- Cascade Environmental

There are many challenges currently facing vocational and two year schools. The nature of work is changing and some career paths are evolving rapidly or disappearing altogether. To complicate matters, the next generation of skilled labor professionals have different goals and definitions of success than previous generations. In this post, I’ll explain how partnering with the environmental services industry to provide hands-on learning opportunities can help students identify opportunities that can result in a long-term and satisfying career path.



First, let’s take a look at what we know about the next generation of workers. Speaking about Millennials—a description of adults currently ranging in age from 23 to 39—pollster John Zogby said they define success by outside impact, not just on their own personal achievements.

“Eighty-five percent want work that makes a difference and is enriching to themselves but also enriching to the world,” he explains. “And 71% want to work for a company or entity that encourages some form of global or community social responsibility. Each of those numbers is dramatically higher than the other age cohorts.”

This means younger workers are more likely to seek industries and companies that:

  • Are committed to the environment
  • Take a global world view
  • Communicate to the public and employees



Nearly all vocational and two year schools are given specific and measurable goals they must achieve, both to address student needs and achieve funding requirements. Among others, the major tasks include:

  • Identifying and facilitating certification, educational, and career pathways for their students
  • Seeking new and interesting ways to further student education and engagement
  • Bolstering enrollment in an environment focused on return on investment



The environmental services industry is an attractive one for the next generation of workers—it addresses their need for commitment to the environment and a sense of belonging to an organization that makes a positive global impact. However, the problem is that many people early in their careers aren’t even aware that environmental field services is an option. For school faculty, that presents an opportunity to meet their first major goal—to identify an additional career pathway for their students who are specializing in fields relating to machinery operation, maintenance, or transportation.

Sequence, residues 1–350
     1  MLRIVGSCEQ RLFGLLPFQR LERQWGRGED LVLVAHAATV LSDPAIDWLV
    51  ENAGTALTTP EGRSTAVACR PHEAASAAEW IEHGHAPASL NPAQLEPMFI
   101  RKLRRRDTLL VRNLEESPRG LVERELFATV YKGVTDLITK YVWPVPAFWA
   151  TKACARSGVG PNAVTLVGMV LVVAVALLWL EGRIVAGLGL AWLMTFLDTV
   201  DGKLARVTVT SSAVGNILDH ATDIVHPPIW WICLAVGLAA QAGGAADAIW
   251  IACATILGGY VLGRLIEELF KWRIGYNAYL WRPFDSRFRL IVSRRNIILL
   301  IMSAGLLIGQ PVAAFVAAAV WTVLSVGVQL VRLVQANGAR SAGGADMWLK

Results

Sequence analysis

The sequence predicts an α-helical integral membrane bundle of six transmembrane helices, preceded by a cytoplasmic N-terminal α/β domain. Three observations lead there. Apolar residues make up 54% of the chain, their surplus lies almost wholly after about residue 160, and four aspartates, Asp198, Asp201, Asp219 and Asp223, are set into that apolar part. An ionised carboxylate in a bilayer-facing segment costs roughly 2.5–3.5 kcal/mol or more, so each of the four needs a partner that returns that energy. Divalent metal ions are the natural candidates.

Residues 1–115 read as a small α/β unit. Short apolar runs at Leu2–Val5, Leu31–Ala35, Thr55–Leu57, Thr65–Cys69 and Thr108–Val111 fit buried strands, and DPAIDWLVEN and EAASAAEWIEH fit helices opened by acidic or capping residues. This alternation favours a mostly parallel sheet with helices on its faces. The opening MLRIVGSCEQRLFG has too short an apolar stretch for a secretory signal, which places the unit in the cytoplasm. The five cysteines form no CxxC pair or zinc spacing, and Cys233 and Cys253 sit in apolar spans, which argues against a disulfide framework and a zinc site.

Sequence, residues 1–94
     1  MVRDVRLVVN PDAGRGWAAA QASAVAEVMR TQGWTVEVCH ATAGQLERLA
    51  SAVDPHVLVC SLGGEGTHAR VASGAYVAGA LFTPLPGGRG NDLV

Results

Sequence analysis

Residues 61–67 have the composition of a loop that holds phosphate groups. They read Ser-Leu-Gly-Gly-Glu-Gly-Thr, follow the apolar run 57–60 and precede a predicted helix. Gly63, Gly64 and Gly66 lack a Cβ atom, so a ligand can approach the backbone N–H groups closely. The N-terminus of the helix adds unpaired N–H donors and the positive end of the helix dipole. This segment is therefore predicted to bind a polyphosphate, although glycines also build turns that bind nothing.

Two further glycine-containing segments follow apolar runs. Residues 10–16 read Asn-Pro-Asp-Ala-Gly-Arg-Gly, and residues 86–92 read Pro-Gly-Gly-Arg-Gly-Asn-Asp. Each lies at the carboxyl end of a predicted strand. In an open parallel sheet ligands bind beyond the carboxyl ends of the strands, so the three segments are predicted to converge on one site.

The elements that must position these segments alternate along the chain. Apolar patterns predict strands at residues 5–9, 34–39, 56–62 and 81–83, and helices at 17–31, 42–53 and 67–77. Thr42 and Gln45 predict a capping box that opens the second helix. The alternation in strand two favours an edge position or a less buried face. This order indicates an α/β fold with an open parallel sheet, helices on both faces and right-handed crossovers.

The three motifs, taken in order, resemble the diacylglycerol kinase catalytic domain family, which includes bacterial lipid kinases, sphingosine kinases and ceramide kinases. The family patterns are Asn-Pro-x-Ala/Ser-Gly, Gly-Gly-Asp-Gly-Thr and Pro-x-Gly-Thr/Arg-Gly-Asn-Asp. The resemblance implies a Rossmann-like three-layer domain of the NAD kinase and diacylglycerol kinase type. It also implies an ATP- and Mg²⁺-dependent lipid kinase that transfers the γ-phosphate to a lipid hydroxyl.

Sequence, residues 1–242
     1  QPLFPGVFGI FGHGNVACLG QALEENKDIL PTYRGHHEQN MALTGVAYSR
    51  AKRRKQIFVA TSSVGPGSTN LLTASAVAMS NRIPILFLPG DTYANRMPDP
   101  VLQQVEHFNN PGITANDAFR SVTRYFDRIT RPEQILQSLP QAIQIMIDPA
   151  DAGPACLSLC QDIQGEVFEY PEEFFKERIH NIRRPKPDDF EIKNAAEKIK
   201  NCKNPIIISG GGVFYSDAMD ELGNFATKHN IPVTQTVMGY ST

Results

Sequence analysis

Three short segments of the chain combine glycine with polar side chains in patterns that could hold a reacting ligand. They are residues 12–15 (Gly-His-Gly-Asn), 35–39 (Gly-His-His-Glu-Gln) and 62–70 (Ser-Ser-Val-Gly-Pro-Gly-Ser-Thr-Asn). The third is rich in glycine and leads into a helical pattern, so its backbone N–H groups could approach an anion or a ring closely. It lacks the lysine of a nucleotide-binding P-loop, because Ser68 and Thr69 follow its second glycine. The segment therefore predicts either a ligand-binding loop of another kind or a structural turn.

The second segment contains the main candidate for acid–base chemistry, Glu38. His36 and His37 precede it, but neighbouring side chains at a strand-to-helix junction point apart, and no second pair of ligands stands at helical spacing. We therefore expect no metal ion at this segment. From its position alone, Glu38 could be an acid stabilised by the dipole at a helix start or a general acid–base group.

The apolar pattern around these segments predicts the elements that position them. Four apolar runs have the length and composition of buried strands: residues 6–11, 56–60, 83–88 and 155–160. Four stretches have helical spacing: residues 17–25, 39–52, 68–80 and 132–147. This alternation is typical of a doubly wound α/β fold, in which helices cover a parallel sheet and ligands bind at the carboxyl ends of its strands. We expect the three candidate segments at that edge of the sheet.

Josh Clearman, the Campus Dean at Bates Technical College, agrees. “Even with all the information they hold in their smartphones, [students] often don’t get to learn about the fantastic career opportunities like the ones at Cascade,” he said. “You don’t have to be an environmental lawyer or a social media influencer to make a positive change. You can do it every day by working with your hands and using your brains in technical fields that pay a living wage.”

Partnering with environmental services companies can also create the opportunity to achieve goal #2. For example, Cascade has worked with several schools to provide demonstrations of various types of drilling rigs, and answer student questions about their work, typical projects and thoughts about the industry.

According to the students and faculty who have attended, this type of experience has proven to be immensely engaging and spurred new thoughts about possible career paths. This type of excitement—and the careers it leads to—can ultimately help schools meet their enrollment goals as well.

Partnerships with environmental services companies provide hands-on learning and potential job opportunities in an industry that shows every sign of future growth and expansion. Cascade has created a North American consortium of two year schools, dedicated to creating pathways for skilled labor students to leverage their education into rewarding careers. If you would like more information about how to participate, contact me at [email protected] or check out our Careers page.



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